Finally, the costs to local government and industry associated with continuous clearing of illegally dumped waste materials are significant. Some urban areas have reported spending several million dollars per year on cleanup, hauling, and disposal activities associated with illegal dump sites. These costs may be passed along to residents in the form of higher service fees or property taxes.

top.gif (1031 bytes)What Factors Contribute to the Problem?

Demographics
Communities subject to illegal dumping are typically areas with limited access to convenient, affordable waste disposal facilities or services and recycling programs. In lower-income areas, residents may have difficulty affording trash pickup and disposal fees. These areas may also have gang- or drug-related activities and high crime rates, which often result in illegal dumping being given a low priority by law enforcement officials and prosecutors. The problem tends to be worse in areas with a high population of renters who have less stake in the community or absentee property owners who do not respond to problems. Residents in rural areas, where illegal dumping is a common, long-time practice, may not be aware of applicable laws or understand its harmful impacts.

Physical CharacteristicsRoofing shingles dumped on a rural road
Unsecured properties, including undeveloped lots, abandoned structures, unused industrial facilities, and remote spaces, are inviting to illegal dumpers. Areas with vacant properties tend to have a higher incidence of illegal dumping because of the reduced potential for dumpers to be sighted. Other areas, including poorly lit access roads, property along railways, highways and alleys, charity drop box locations, and construction sites or public areas with waste containers are prime targets for illegal dumping. Forest preserves, wooded sites, and farms (especially those near heavily populated areas) are often targets for illegal dumping because they are sparsely populated and dark. The borders of cities and counties tend to have a higher incidence of illegal dumping because of a lack of police presence.

Illegal dumping occurs near junkyards, active or closed landfills, solid waste transfer stations, and temporary dump areas at construction sites when dumpers want to avoid disposal fees or find that a site is closed or refuses to accept waste. Also, the presence of illegally dumped materials attracts additional dumping.

Natural disasters, particularly flooding, result in damaged appliances, wrecked furniture, and demolition debris that may lead to widespread illegal dumping. EPA’s "Planning for Disaster Debris" document (EPA530-K-95-010) is available to help plan for and address these situations.

Lack of Alternative Waste Disposal and Recycling Programs
Areas without routine or affordable pickup service for trash and recyclables tend to experience a higher incidence of household and yard waste dumping. Also, landfills and transfer stations that have high disposal fees, are not conveniently located, have minimum Illegally dumped tirestipping fees, or do not accept small loads encourage dumping. Materials prohibited from landfilling, such as yard waste, scrap tires, freon- containing appliances, and car batteries, may be illegally dumped unless alternate management programs are available, affordable, and well known to the public. EPA’s "Decision-Maker’s Guide to Solid Waste Management" (EPA530-R-95-023) is available to assist local governments in establishing comprehensive waste management programs.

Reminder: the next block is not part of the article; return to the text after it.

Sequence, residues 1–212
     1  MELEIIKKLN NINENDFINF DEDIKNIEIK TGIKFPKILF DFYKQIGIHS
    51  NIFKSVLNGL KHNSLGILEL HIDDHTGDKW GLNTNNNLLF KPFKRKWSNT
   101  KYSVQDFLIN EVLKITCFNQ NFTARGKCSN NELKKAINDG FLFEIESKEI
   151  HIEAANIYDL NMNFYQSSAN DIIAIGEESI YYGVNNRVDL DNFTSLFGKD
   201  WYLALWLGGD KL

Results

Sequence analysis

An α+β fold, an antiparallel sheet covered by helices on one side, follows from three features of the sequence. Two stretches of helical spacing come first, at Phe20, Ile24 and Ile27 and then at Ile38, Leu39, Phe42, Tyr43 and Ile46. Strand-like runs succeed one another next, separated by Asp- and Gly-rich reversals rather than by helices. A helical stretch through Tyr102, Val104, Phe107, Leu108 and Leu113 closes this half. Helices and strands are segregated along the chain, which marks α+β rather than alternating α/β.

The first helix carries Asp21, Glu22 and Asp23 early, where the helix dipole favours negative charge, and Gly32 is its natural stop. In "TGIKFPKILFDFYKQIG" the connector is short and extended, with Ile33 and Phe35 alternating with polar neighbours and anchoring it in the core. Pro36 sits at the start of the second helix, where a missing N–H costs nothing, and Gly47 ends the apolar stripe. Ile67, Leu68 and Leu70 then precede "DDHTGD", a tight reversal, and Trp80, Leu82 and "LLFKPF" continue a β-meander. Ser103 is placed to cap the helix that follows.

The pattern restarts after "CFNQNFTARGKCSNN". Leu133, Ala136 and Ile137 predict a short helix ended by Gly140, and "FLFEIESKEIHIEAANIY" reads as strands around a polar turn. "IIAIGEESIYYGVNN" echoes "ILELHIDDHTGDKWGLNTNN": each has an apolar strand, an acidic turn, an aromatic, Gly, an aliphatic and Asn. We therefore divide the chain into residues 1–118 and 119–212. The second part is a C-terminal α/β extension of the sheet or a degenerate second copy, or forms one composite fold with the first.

Communities lacking a contract with a waste hauler and standardized billing (by which waste removal is integrated into a water or sewer charge) may have problems with residents who refuse to pay a waste hauler for service on their own. EPA’s document titled "Solid Waste Contract Negotiation Handbook" (EPA220-B-92-004) provides suggestions for establishing contracts with waste management companies, and a "Pay-as-You-Throw Toolkit" (EPA530-R-96-013) is available for communities considering volume-based disposal programs.

Preliminary research shows that communities with "pay-as-you-throw" or unit-based disposal programs do not experience continuing dumping problems. Although such a community may initially experience increased illegal dumping when new programs are launched, once the public understands the system, the problem diminishes. Maintaining educational programs is important to avoid an ongoing problem.

Lack of Solid Waste Codes and Ordinances
Illegal dumping is a problem in many areas because of a lack of effective legal codes or ordinances prohibiting open dumping or burning of wastes. Both activities are prohibited by federal and most state laws, but enforcement by local authorities is typically done under local codes, which may be less stringent. In some cases, the fines for a dumping offense are less than the costs for proper waste disposal, and offenders consider the fines to be simply a cost of doing business. Furthermore, failure to appropriately regulate waste haulers and disposal operations invites illegal dumping.